Teague's Tech Treks

Learning Technology and other Tech Observations by Dr. Helen Teague


Kotter’s 8 Steps of Change model (with a proposed Step 9)

Dr. John Kotter outlined an eight-step model for successful change efforts. Kotter, a Harvard Business School Professor, introduced his eight-step change process in his 1995 book, “Leading Change.”

The Agency for Healthcare Research and Quality divides the 8 steps in half. Steps 1-4 help confront the “we’ve always done it this way” resistance of the status quo. Steps 5-8 introduce innovation, implementation of new practices, and  sustainability.

  • Step 1: Create a Sense of Urgency. Help others see the immediacy for change and quick change.
  • Step 2: Assemble the Centers of Influence. Ideally, the team should represent leadership, knowledge, analytic ability, skills, communications ability, authority, and a distrust of bureaucracy.
  • Step 3: Develop the Change Vision and Strategy. Narrow focus to one issue and clarify it succinctly. Clarify  how the future will be different from the past and the steps needed to get there.
  • Step 4: Communicate for Understanding and Buy-in. “Speak Truth to Teams”- Network and be inclusive
  • Step 5: Empower Others to Act. Remove as many barriers as possible for change makers.
  • Step 6: Produce Short-Term Wins. Create some visible, unambiguous successes as soon as possible.
  • Step 7: Don’t Let Up. Take energy from initial successes. Be relentless until your vision becomes policy.
  • Step 8: Create a New Culture. Keep closing the loop. Reach out, sure, but always remember to reach back with gratitude to those who were your original stakeholders.
  • I would gently add a Step 9- Revisit and Reevaluate. Too many times successful new programs run on their own adrenaline of grant money or new leadership. Then they falter under there own lack of sustainability. Set a target goal and revisit date for your new policy. There is a reason why doctors’ advocate check-ups.

Question: When have you implemented Kotter’s Change Method?

Tomorrow: Application of Kotter’s Change Model

The blog post submitted in partial fulfillment of course requirements for Dr. Paul Sparks EDLT 721 course.



Spring Forward with PBS TeacherLine Courses


This year, spring forward by taking a PBS TeacherLine course and pick up the skills you need to lead a winning class! Spring Courses Start 3/26

Featured Courses: 
Choose from 15, 30, and 45-hour courses that will spark new ideas, expand your skill set, and help you earn CEUs*.

Click here to learn more or sing-up


Online Map Creator~Zee Maps

ZeeMaps: Create and publish interactive maps

Use maps for presentations.

  • Unlimited markers per map.
  • 3-level access control for each map: Viewer, Member and Admin.
  • Input from: Location (Search), Crowd Source, Google Spreadsheets, Microsoft Excel, CSV, KML, GeoRSS feed, or Copy-and-Paste

In the online classes I teach, it is always fun to publish a map of location of all the learners on the roster. ZeeMaps is a new website entry in the field of online map creators. Create a map from location list, crowd source, spreadsheets, etc. Publish, share your interactive maps. Highlight radius and other regions. Get map images. No log-in required or sign-up required. I really like the push-pin icons!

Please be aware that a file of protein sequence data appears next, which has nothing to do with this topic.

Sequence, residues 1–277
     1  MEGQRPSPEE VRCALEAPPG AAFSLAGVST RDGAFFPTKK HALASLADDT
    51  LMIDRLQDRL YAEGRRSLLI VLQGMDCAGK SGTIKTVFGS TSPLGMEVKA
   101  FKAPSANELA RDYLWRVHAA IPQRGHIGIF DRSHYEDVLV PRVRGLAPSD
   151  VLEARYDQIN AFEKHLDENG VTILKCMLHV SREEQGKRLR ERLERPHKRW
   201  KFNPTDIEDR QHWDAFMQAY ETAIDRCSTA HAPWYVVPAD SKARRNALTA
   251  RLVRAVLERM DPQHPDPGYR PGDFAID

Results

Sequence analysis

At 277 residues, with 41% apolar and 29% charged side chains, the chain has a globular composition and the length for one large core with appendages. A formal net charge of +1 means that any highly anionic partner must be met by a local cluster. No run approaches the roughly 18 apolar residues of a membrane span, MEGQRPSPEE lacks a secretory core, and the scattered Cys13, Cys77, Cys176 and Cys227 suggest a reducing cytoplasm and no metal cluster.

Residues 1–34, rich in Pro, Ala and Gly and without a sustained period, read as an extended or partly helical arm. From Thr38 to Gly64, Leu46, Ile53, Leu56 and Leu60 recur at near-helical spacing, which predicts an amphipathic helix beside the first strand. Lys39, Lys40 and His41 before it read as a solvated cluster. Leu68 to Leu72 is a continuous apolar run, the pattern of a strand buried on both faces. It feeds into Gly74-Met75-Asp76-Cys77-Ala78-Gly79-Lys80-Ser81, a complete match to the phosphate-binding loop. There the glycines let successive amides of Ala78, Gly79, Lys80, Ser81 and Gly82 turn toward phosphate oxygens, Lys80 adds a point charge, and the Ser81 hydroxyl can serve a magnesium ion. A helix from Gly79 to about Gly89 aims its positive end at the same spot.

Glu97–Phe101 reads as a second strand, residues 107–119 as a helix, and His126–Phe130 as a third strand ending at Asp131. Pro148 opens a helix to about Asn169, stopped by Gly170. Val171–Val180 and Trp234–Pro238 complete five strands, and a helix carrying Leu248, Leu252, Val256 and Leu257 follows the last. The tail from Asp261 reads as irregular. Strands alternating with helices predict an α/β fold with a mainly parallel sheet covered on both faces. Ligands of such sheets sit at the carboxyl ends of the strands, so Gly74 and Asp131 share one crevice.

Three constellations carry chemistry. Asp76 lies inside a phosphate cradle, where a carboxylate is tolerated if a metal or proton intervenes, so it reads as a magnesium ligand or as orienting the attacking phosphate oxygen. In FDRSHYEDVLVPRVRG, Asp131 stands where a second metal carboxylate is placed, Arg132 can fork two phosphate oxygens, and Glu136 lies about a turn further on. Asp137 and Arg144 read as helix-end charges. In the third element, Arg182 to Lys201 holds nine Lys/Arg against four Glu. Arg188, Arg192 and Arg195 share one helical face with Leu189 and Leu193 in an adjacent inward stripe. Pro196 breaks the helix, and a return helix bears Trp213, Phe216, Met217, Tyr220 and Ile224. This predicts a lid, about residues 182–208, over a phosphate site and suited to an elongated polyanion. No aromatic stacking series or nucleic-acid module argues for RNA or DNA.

Weekend Ed. Quote~February 22

circle book shelf

“Why is such an important aim—to help students think more clearly and productively—so hard to put into operation?” ~M. Brady



More Weekend Educational Quotes



Brady, M. (2008, February). Cover the material—Or teach students to think? Educational Leadership, 65(5), 64-67.


PBL cast in dissertation chapter breaks



1. Introduction to our Study

Definition: Savery: “PBL is an instructional (and curricular) learner-centered approach that empowers learners to conduct research, integrate theory and practice, and apply knowledge and skills to develop a viable solution to a defined problem.” debriefing at the conclusion of the learning experience is key—pg 12

Torp and Sage (2002) PBL as focused, experiential learning organized around the investigation and resolution of messy, real-world problems.

(*) From Kim: Who has experience with Project-Based or Problem-Based Learning? Please share.

(*) From Helen: Where is PBL practiced in education? In business?

2. Literature Review & 3. Sources of Data

Buck Institute: http://bie.org

Problem-based Learning Institute: (PBL) http://www.pbli.org/

PBL Design and Invention Center: http://www.pblnet.org/

PBL Initiative: http://www.pbli.org/core.htm

3. Sources of Data:

Hmelo-Silver, C. E., & Barrows, H. S. (2008). Facilitating collaborative knowledge building. Cognition and instruction, 26(1), 48-94.

Hmelo-Silver, C. E. (2004). Problem-based learning: What and how do students learn? Educational Psychology Review, 16(3), 235-266.

Krajcik, J.S., & Blumenfeld, P. (2006). Project-Based Learning. In R.K. Sawyer (Ed.), The Cambridge handbook of the learning sciences (317-333). Cambridge: Cambridge University Press.

Savery, J. R. (2006). Overview of problem-based learning: Definitions and distinctions. Interdisciplinary Journal of Problem-based Learning, 1(1), 3.

From Judi: Cognitive tools to supplement Krajcik’s article.
Jonassen, D. H. (1995). Computers as cognitive tools: Learning with technology, not from technology. Journal of Computing in Higher Education, 6(2), 40-73.

Kim, B., & Reeves, T. C. (2007). Reframing research on learning with technology: in search of the meaning of cognitive tools. Instructional Science, 35(3), 207-256

4. Key Findings:

From Research:
-Savery: The tutor as the metacognitive coach for the learners. Pg 15
Stacey’s Question:  “Savery says that problem based learning must be “the pedagogical base of the curriculum and not part of a didactic curriculum” (p.15). Why would it have to all or none to be effective?”

-Krajcik/Blumenfeld: “Learning technologies can support students”
(1) in accessing and collecting a range of scientific data and information;
(2) by providing visualization and data analysis tools similar to those used by scientists;
(3) by allowing for collaboration and sharing of information across sites;
(4) by planning, building, and testing models; and
(5) by developing multimedia documents that illustrate student understanding”
Stacey’s question: Are there certain curricular areas in which one of the PBL’s would be preferred over the other in terms of effectiveness? When might educators want to disregard their use?